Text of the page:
What is the maximum number of characters that can be used to define the key_name of a datastore entity?

Is it bad to have very long key_names?

For example: Lets say we use key_names of a 170 characters, which is the length of a Twitter message 140 plus 10 numeric characters for latitude and 10 for longtitude and 10 for a timestamp.

(Reasoning of such a key_name: So by using such a key_name we can easily and quickly be sure of no duplicate postings, since the same message should not come from the same place and time more than once.)

  • I can add another reason for using long key names. One of my datatypes represent a relationship between two other entities (of any type), and the key name of my entities are the two encoded keys with an underscore in the middle. If the entities have parents (and grandparents etc), the keys can get pretty long.
    – yngling
    Apr 8, 2014 at 15:58

2 Answers 2


key names are limited to 500 characters, just like string property values. see e.g. Key.to_path(), which calls ValidateString():


which defaults max_len to _MAX_STRING_LENGTH, which is 500:


  • Is this true for ndb? What about java and go? I suspect Nick's answer is correct wrt the backend - it's just the software that is imposing this limit.
    – mjibson
    Mar 17, 2013 at 0:22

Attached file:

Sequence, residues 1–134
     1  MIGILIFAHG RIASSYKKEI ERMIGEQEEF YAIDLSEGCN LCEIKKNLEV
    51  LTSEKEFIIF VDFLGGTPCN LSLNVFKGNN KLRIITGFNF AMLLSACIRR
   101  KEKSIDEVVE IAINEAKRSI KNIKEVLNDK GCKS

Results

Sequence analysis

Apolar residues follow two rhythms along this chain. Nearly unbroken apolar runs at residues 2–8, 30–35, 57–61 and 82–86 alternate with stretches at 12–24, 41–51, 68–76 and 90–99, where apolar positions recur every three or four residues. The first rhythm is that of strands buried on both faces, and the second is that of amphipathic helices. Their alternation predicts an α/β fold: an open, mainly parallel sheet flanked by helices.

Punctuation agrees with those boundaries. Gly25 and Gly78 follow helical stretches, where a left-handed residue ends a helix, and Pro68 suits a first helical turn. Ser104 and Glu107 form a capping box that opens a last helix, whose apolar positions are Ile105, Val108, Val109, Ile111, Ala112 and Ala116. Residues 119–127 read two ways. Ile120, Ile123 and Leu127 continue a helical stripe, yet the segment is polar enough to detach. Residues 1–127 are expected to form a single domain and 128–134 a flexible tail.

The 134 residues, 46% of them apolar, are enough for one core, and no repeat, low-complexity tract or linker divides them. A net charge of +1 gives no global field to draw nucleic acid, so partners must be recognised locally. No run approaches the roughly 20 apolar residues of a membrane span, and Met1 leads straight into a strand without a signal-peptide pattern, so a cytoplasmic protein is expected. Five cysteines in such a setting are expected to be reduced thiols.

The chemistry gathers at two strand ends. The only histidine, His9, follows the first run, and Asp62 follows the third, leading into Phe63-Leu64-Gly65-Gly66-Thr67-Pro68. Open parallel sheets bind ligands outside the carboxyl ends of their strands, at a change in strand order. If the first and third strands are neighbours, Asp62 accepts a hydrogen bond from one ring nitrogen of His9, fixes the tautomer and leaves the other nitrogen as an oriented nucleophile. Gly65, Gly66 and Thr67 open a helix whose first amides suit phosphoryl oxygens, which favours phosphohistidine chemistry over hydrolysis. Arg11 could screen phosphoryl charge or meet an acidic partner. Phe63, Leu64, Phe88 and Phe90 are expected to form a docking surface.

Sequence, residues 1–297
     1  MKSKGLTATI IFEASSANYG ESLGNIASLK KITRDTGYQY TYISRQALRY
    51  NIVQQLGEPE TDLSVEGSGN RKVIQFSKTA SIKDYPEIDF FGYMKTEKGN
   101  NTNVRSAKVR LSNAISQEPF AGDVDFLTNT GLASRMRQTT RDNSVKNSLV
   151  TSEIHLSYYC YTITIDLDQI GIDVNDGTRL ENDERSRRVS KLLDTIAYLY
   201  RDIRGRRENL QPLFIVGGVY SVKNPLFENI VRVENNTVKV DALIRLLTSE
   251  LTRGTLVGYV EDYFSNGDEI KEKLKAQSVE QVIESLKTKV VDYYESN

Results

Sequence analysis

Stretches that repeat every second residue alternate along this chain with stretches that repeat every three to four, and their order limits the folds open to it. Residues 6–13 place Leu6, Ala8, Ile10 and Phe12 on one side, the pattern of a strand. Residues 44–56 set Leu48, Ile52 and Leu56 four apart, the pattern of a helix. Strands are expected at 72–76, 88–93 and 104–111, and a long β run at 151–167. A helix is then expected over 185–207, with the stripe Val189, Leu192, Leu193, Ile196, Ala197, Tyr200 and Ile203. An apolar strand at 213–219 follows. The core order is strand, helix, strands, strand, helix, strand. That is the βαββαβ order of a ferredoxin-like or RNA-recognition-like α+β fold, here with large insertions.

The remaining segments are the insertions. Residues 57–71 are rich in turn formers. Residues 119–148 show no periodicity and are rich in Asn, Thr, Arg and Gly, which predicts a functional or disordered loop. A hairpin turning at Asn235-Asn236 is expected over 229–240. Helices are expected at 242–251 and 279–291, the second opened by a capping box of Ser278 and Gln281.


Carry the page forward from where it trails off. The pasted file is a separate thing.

• iirc the backend enforces the same limit. (i wrote much of it, but that was a while ago, and i don't have access to the code any more. :P) in any case, it's easy to check in ndb, go, etc.
    – ryan
    Mar 17, 2013 at 6:50
  • 2
    Just to confirm in the present, what @ryan said is still true of the validation in the backend. Aug 4, 2014 at 18:23
  • @PatrickCostello I have a couple more in-depth questions to the key-name limit and decided to post them as a new question. If you might have any insights on these, I would love to ask you to take a quick look here: stackoverflow.com/questions/33044281/… Thank you.
    – Markus A.
    Oct 9, 2015 at 17:47

There's no hard maximum - the maximum length of a key name is the maximum length of a key, less some overhead, and keys can get pretty long.

It is bad to have very long key names, however: Apart from storing and retrieving it, every index entry contains the key name it's referring to, so longer key names mean higher indexing overhead. If you want to ensure uniqueness over a large text, your best option is to make the key name the MD5 or SHA1 sum of the input, which ensures both uniqueness and a short(-ish) key name.


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